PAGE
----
Filed Under Environment

Virginia Kendall Park

For thousands of years, the land that encompasses Virginia Kendall Park has been a place of nature, recreation, and history -- from its prehistoric formation to its housing of some of the area's first inhabitants. Once the site of a public works project during the Great Depression and now a modern-day urban oasis, visitors have always appreciated the variety the park has to offer.

Now a part of the greater Cuyahoga Valley National Park, this multi-purpose land unit was the first property in the area perpetually designated for park purposes. Upon his death in the late 1920s, Cleveland businessman Hayward Kendall donated 430 acres of land around the Ritchie Ledges to the Akron Metropolitan Park District, calling it Virginia Kendall to honor his mother. Long before Kendall owned the land, Native Americans lived among the rock outcroppings there, getting food and water from nearby woods and streams. A favorite place for Indians to store things back then was between the crevaces of the rocks, like that of the famed Ice Box Cave, which provided a natural form of refrigeration.

In the 1930s, the Civilian Conservation Corps (CCC) built shelters and trails as a part of the New Deal's public works programs. Young men ages 18-25, who were jobless due to the Great Depression, were recruited to cut locally quarried sandstones to build steps among the natural rock outcroppings. CCC workers also built shelters from wormy chestnut trees found in local forests. The Happy Days lodge they built there was named after the song, "Happy Days are Here Again," featured prominently in Franklin Roosevelt's 1932 Presidential campaign. The unique shape of the octagon shelter is a good example of how architects incorporated their designs into the natural landscape.

Today, the park contains four primary trails, four secondary trails, four shelters, a lake, sledding hills, open spaces, rock outcroppings, an old cemetery, and various flora and fauna. The Cuyahoga Valley National Park makes available Questing pamphlets and Self-Guided Nature guides at most trailheads, allowing visitors to more easily explore Virginia Kendall's many treasures.


Scenic Overlook
Scenic Overlook Youths perform enjoy a cookout at the scenic overlook in Virginia Kendall Park, circa 1970s. Image courtesy of The National Archives
Planting Trees
Planting Trees A member of the Civilian Conservation Corps plants trees in order to re-forest sections of park area, as well as to control erosion and increase soil management. Image courtesy of The National Archives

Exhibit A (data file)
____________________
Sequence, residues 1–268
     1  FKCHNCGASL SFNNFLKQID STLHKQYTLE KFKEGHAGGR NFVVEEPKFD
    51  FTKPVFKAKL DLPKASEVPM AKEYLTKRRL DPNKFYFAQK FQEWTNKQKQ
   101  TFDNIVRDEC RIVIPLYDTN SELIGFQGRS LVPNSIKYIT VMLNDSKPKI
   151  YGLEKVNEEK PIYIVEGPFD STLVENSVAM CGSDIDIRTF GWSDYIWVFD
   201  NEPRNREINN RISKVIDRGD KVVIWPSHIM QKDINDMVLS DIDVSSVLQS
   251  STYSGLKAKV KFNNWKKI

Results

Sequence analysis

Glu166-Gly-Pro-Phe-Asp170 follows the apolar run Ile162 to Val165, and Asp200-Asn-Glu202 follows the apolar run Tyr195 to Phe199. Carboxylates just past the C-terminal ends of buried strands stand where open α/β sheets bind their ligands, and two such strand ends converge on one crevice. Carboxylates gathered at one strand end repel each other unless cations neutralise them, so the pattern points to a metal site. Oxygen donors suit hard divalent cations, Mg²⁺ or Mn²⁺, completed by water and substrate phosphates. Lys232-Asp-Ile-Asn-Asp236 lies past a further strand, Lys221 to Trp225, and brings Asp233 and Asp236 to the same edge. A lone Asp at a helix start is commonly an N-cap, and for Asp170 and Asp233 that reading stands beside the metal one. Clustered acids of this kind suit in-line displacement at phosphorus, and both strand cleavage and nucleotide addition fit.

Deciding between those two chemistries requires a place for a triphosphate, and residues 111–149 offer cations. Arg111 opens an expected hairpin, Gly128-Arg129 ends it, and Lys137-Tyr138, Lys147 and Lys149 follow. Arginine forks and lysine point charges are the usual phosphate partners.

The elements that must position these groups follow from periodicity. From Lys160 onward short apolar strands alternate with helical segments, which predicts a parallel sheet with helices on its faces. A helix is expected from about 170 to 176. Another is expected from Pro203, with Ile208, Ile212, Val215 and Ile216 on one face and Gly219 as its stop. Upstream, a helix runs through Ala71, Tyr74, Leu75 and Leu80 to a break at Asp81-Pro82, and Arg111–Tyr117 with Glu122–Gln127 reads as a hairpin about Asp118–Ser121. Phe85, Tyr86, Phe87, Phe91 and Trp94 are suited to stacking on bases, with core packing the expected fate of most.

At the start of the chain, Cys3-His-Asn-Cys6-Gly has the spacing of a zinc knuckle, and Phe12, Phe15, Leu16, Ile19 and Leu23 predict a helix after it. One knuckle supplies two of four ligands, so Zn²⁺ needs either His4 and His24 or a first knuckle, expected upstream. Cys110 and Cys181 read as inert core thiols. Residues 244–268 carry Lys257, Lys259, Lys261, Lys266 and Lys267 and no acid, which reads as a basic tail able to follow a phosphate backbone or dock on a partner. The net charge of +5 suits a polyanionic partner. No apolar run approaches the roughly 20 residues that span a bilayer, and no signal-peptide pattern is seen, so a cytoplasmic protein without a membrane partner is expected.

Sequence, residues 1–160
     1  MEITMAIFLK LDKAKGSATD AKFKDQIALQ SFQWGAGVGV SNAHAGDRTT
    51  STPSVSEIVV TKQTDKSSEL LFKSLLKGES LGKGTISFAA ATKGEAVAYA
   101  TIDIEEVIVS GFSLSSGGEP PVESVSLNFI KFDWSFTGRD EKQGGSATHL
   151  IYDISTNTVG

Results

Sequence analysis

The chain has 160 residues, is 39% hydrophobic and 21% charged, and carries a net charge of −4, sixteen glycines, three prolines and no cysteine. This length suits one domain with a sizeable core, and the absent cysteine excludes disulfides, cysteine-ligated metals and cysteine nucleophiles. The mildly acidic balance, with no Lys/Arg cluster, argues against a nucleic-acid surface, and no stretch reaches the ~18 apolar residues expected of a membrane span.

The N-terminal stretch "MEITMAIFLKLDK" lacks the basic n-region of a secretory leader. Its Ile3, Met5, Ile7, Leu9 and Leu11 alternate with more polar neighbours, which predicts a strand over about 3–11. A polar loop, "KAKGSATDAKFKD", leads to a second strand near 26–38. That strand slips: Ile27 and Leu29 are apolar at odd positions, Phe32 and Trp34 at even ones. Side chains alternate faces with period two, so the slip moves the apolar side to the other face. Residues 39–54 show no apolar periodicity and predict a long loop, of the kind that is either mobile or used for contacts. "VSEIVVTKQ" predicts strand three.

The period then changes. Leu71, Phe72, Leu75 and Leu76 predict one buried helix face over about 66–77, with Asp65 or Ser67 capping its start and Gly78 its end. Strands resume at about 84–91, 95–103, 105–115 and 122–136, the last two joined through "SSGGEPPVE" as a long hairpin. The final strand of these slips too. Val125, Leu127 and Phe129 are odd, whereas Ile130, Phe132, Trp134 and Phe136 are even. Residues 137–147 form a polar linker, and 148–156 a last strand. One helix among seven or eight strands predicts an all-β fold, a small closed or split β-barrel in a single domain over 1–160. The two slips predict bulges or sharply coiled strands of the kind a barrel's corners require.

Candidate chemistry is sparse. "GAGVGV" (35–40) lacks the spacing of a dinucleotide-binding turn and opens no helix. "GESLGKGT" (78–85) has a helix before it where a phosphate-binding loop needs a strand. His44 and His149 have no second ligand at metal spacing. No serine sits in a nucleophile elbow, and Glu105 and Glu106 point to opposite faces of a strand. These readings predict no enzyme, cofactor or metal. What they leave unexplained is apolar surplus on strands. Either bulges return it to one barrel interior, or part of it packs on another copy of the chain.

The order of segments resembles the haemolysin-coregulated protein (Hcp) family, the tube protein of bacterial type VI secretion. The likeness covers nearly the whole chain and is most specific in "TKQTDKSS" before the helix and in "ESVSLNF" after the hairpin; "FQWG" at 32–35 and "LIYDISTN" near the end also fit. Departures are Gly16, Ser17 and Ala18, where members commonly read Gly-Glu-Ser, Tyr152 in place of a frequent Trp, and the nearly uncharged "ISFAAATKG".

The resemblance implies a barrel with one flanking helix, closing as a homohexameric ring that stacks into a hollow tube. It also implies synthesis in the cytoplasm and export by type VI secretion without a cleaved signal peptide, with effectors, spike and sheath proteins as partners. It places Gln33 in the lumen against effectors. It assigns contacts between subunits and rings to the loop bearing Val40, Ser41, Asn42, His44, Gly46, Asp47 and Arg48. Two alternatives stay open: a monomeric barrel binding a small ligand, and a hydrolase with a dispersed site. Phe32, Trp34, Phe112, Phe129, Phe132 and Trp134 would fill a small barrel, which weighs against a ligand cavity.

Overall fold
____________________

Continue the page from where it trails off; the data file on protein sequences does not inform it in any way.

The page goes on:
Job Training
Job Training A member of the Civilian Conservation Corps receives on the job training, working with electrical and telephone line installations in Virginia Kendall Park. Image courtesy of The National Archives
Brick Paving
Brick Paving Members of the Civilian Conservation Corps, learning the trade alongside experienced masons, construct a path on park property lined with bricks. Image courtesy of The National Archives
Clearing Brush
Clearing Brush Members of the Civilian Conservation Corps work to clear brush and clean up restored areas within the park's boundaries. Image courtesy of The National Archives
CCC Camp
CCC Camp Members of the Civilian Conservation Corps typically lived in or near the areas of improvement they worked on. Here, they are in the woods under semi-permanent cover during clearing and cutting operations in a forested area. Image courtesy of The National Archives
Reforestation Members of the Civilian Conservation Corps worked on reforestation projects by planting, cultivating and managing growth, preventing soil erosion, and improving land management. Image courtesy of The National Archives
Platforms Over Kendall Lake
Platforms Over Kendall Lake In the mid-1970s, platforms spanned Kendall Lake as a means for visitors to further explore the lake and its natural inhabitants. The platforms have since been removed, and so has the ability for the public to enjoy the lake for swimming. Sport fishing, on a catch and release system, still exists. Image courtesy of The National Archives
Junked Autos
Junked Autos The Cuyahoga Valley area in Akron and Cleveland was frequently used as a place to get rid of unwanted materials like cars and other durable goods. The woods today are still cluttered with trash although clean-up operations have worked hard to remove junk, such as the automobiles lining the Cuyahoga River in this photograph, circa 1970s. Image courtesy of The National Archives
Boy Scouts
Boy Scouts The Cuyahoga Valley area is home to many scout camps, including Camp Manatoc and Camp Mueller for Boy Scouts and Camp Ledgewood for Girl Scouts. Image courtesy of The National Archives


1000 Truxell Rd, Peninsula, OH 44264


Andreas Johansson, “Virginia Kendall Park,” Cleveland Historical, accessed July 23, 2024,